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Exploring Caricaturs


Submitted By mrmiyagiwoofs
Words 769
Pages 4
“Ethnic Notions:” Exploring Caricatures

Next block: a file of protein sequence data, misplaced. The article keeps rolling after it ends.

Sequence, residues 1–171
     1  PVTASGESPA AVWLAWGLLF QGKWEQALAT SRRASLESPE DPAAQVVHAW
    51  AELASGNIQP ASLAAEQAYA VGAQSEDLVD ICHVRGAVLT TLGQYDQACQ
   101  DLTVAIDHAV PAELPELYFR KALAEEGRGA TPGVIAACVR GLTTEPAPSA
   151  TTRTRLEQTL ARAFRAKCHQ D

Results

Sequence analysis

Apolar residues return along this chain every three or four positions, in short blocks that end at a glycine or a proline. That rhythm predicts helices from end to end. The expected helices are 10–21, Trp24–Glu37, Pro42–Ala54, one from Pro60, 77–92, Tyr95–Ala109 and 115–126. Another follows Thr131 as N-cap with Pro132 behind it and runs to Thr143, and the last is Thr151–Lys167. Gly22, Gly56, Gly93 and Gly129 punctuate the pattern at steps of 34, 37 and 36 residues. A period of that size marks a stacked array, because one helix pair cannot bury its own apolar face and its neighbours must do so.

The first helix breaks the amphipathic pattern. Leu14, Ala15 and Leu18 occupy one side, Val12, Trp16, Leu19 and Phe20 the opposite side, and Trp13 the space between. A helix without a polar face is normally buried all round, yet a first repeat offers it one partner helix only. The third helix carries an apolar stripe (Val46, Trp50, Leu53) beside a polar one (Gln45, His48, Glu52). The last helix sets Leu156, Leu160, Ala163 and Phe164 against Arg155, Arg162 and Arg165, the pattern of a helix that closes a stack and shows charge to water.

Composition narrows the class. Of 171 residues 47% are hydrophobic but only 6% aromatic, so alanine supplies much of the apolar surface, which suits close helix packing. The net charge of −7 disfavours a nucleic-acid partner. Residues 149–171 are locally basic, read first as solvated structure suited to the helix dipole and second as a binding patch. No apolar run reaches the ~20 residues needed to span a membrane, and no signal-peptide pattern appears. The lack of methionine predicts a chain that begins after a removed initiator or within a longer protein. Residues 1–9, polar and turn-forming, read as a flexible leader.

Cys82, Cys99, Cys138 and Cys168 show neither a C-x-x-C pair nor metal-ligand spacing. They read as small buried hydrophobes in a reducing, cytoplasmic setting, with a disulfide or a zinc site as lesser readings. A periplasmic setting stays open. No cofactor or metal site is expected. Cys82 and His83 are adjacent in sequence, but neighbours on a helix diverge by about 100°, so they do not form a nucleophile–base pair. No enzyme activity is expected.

Racial formation is the process by which socio-historical designations of race are created and manipulated. When dealing with racial formation, one dominant group always has the power to impose racial definitions onto others. In America’s history, this one dominant group has been Caucasians. In the book, “Ethnic Notions,” Marlon Riggs explores the evolution of caricatures imposed on African Americans throughout the history, claiming the impact of such caricatures “did as much harm as any lynch mob.” In many ways, this claim speaks the truth. The mammy, sambo, pickaninny, zip coon, and uncle are a few important caricatures that prove white America’s innermost fears regarding race and white superiority. The mammy caricature is one that defeminizes African American women. Drawn as a smiling, hefty servant, her loyalty to her white owner’s family trumps that to her own children. The mammy was used as evidence of the “humanity” of slavery’s institution, for she was posited as content with her lowly position. This caricature reflects the fear of mixing races. By desexualizing African American women, like the mammy, then white men would then be less likely to become sexually involved with them. Many blues artists in the 1920s-30s stood up against the mammy caricature, such as Ma Rainey; her image stood to sexualize the mammy. The sambo caricature was depicted as a perpetual child, one who was incapable of living an independent life outside of the institution of slavery. This loyal servant was offered as a defense for slavery, for if blacks like the sambo were happy being servants, what could be wrong with segregation and slavery in the first place? This caricature showcases the dependency of whites on the institution of slavery. By suggesting an image of blissful servitude, then one suggests little reason to

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